The Twinlock and Triplock systems play pivotal roles in reinforcing the water resistance of Rolex watches, each tailored to different water exposure levels.

Twinlock Crown System:

  • Utilizes two sealed zones for water resistance: one within the crown’s tube and another inside the crown.
  • Serves non-chronograph models like the Datejust, Day-Date, and Explorer series, supporting up to 100 meters (330 feet) water resistance.
  • Identified by two dots or a line under the Rolex coronet on the crown for stainless steel models, and a single dot for gold or two-tone models.

Triplock Crown System:

  • Adds an extra seal, totaling three: inside the tube, inside the crown, and around the winding tube’s thread.
  • Equips Rolex’s high-end dive watches such as the Deepsea and Submariner, enhancing their water resistance for deeper dives.
  • Recognizable by three dots beneath the Rolex coronet, indicating its enhanced sealing capability suited for rigorous underwater conditions.

Notable Wearers of Rolex Watches

Notable Wearers of Rolex Watches

Recognized for their remarkable water-resistant capabilities and striking design, Rolex Deepsea, Rolex Sea-Dweller, and Vintage Rolex Submariner 6538 have been the choice of renowned figures, resonating with their adventurous and resilient spirit. It has been notably worn by individuals who reflect its essence in cinema, sports, and beyond.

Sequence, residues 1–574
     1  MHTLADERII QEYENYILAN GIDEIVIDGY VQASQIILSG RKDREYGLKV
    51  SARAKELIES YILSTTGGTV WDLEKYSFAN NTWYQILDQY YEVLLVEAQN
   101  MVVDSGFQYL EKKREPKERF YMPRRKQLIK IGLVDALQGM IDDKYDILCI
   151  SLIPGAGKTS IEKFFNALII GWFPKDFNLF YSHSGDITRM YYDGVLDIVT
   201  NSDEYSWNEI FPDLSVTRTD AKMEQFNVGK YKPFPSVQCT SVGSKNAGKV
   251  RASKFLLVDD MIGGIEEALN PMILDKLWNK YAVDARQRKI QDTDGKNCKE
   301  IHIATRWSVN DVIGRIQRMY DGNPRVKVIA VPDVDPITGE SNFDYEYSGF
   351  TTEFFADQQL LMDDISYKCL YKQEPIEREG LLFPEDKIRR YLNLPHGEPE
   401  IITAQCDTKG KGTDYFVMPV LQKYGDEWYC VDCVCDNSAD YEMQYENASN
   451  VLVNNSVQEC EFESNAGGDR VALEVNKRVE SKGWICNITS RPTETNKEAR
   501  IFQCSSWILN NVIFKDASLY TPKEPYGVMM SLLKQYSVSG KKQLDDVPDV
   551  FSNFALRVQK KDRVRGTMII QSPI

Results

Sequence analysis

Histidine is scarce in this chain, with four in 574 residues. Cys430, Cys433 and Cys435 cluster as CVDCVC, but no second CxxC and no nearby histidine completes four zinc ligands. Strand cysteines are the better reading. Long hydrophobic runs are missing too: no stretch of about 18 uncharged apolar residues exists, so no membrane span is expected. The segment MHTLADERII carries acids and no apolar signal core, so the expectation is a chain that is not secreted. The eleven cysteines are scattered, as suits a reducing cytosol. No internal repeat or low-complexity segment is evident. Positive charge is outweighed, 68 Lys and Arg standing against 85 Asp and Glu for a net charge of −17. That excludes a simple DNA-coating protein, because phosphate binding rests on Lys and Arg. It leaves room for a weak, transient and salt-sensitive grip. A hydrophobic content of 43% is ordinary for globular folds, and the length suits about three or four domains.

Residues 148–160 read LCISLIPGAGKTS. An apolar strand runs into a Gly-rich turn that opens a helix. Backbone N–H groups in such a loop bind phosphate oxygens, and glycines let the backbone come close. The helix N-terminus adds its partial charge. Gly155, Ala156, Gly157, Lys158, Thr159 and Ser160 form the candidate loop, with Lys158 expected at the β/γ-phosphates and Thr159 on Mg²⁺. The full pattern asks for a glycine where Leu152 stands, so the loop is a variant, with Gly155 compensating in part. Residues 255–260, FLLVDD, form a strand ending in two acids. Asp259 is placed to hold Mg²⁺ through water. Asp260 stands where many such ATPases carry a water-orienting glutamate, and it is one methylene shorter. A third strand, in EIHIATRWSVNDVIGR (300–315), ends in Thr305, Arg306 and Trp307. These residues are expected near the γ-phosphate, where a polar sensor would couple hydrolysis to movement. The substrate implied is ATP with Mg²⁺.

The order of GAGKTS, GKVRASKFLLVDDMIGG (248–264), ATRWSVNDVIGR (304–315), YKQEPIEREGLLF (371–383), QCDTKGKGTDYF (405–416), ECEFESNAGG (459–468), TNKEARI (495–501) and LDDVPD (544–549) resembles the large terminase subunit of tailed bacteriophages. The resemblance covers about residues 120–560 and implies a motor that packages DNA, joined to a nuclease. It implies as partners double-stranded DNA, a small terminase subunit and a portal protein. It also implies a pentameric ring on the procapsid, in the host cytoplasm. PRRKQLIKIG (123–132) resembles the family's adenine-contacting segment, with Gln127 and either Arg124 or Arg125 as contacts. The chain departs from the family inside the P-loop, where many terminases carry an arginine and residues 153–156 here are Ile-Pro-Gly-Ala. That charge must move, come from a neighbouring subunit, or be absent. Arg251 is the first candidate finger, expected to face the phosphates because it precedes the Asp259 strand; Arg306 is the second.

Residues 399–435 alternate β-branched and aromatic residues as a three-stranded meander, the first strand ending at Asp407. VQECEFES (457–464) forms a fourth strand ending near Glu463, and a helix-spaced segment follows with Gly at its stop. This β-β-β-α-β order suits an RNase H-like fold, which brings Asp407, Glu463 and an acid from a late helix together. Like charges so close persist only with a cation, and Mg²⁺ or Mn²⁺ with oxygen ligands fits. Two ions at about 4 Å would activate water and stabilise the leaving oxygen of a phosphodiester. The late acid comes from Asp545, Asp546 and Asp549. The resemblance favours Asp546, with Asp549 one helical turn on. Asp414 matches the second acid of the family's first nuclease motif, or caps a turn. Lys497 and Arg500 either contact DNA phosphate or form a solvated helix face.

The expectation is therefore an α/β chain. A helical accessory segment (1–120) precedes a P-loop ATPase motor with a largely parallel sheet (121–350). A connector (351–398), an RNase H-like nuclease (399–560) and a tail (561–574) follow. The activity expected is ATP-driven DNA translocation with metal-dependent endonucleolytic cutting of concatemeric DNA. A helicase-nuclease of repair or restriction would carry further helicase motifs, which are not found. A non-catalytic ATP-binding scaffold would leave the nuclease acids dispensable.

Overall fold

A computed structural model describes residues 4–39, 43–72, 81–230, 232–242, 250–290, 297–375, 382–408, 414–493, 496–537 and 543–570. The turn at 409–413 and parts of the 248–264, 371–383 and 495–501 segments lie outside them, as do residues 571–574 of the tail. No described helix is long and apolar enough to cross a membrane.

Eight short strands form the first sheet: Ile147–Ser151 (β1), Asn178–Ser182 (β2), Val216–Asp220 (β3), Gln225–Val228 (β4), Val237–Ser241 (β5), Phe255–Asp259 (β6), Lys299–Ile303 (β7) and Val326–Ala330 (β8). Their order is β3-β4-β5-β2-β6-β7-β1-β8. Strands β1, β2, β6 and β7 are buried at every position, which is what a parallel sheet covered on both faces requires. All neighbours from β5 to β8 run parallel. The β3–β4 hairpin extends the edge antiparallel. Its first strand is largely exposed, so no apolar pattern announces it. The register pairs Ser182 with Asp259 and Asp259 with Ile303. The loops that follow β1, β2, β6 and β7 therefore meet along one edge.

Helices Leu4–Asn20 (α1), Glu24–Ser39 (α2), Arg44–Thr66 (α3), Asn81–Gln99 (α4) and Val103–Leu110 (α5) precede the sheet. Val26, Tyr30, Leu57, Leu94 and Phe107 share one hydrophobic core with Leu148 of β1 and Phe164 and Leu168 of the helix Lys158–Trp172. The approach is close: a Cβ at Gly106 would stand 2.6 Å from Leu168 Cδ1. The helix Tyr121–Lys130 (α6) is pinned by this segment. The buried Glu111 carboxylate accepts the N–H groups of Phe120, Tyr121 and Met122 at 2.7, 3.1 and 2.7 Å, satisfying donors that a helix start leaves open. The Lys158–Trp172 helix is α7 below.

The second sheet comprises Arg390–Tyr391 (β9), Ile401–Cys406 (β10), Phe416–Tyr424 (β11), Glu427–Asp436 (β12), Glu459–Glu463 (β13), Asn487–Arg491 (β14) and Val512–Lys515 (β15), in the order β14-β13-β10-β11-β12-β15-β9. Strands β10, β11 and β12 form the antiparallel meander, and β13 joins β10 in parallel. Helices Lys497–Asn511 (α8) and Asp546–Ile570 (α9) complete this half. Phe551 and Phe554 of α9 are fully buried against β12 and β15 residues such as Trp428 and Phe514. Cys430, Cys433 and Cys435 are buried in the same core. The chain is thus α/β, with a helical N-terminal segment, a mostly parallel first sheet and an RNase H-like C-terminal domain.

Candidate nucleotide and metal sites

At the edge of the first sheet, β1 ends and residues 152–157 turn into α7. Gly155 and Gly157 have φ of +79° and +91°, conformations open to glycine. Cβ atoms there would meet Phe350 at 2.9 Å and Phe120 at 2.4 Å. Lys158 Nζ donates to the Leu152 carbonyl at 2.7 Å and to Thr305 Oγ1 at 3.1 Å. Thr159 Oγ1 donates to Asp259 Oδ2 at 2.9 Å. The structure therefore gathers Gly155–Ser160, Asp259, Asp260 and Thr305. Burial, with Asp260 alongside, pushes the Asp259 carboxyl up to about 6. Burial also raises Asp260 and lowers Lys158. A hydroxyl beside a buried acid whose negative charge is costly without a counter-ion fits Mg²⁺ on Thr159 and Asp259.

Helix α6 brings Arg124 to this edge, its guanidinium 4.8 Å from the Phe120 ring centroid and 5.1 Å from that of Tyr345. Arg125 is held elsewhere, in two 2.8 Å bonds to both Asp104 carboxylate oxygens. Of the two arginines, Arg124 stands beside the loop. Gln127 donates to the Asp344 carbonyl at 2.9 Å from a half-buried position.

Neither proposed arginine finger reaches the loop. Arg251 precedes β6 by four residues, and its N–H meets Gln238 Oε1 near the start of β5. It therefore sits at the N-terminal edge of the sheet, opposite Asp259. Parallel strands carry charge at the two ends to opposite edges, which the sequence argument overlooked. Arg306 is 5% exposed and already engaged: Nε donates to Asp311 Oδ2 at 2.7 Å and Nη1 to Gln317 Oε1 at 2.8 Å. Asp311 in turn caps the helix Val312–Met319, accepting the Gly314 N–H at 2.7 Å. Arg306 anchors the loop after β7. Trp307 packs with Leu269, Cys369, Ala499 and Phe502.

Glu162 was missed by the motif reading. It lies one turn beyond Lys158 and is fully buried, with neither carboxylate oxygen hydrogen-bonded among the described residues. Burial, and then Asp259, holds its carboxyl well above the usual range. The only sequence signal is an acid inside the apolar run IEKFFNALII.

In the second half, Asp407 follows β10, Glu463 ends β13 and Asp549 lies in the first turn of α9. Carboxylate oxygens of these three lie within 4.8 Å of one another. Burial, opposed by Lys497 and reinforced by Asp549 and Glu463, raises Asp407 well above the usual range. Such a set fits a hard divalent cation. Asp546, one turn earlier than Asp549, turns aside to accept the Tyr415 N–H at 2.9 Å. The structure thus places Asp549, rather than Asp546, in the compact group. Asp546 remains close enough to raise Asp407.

Notable Wearers:

  • James Cameron: Filmmaker known for deep-sea exploration themes.
  • Sylvester Stallone: Actor synonymous with roles requiring strength and endurance.
  • Francis Ngannou: Fighter, representing the watch’s durability and robustness.
  • Stephen Curry: Basketball player, highlighting precision and excellence.
  • Ben Affleck: Actor and filmmaker, emphasizing commanding presence and reliability.
  • Sean Connery as James Bond: The character’s cool composure and robust elegance are mirrored in the watch’s design and functionality, making it a symbol of the suave and adventurous spirit of the early James Bond films.

Maintaining Your Rolex’s Water Resistance

Maintaining the water resistance of your Rolex requires vigilance against various threats that can compromise its integrity. Factors such as wear and tear, impacts, improperly sealed crowns, drastic temperature fluctuations, exposure to chemicals, the corrosive effects of saltwater, pressure changes, and inadequate servicing can all breach its defenses.

Routine Care and Maintenance

While these timepieces boast impressive water resistance, a bit of TLC goes a long way to keep them in shipshape. 

Here’s how to avoid common pitfalls:

  • Watch Out for Heat: Saunas, hot tub and shower, or a day in the sun might sound relaxing to you, but your Rolex might beg to differ, especially the gasket. This rubber ring seals the deal against water, and too much heat can warp it out of shape. 
  • Vintage Vibes: Vintage Rolex watches have tons of character, but they might not hold up in water like they used to. Time isn’t kind to gaskets, and those old seals might not be as tight as they once were. If you’ve snagged a vintage watch beauty, get it checked by an authorized dealer to ensure it’s still ready to dive.
  • Stick to the Originals: Rolex watches undergo a barrage of tests to ensure they’re up for anything. Swapping out parts for aftermarket alternatives? That’s a gamble on your watch’s integrity. Keep it original to keep it tight.
  • Crown Check: It’s easy to overlook, but leaving the crown unscrewed is like leaving the door open in a rainstorm. Even the sturdiest Oyster cases can’t fend off water if the crown’s hanging loose.

Servicing Intervals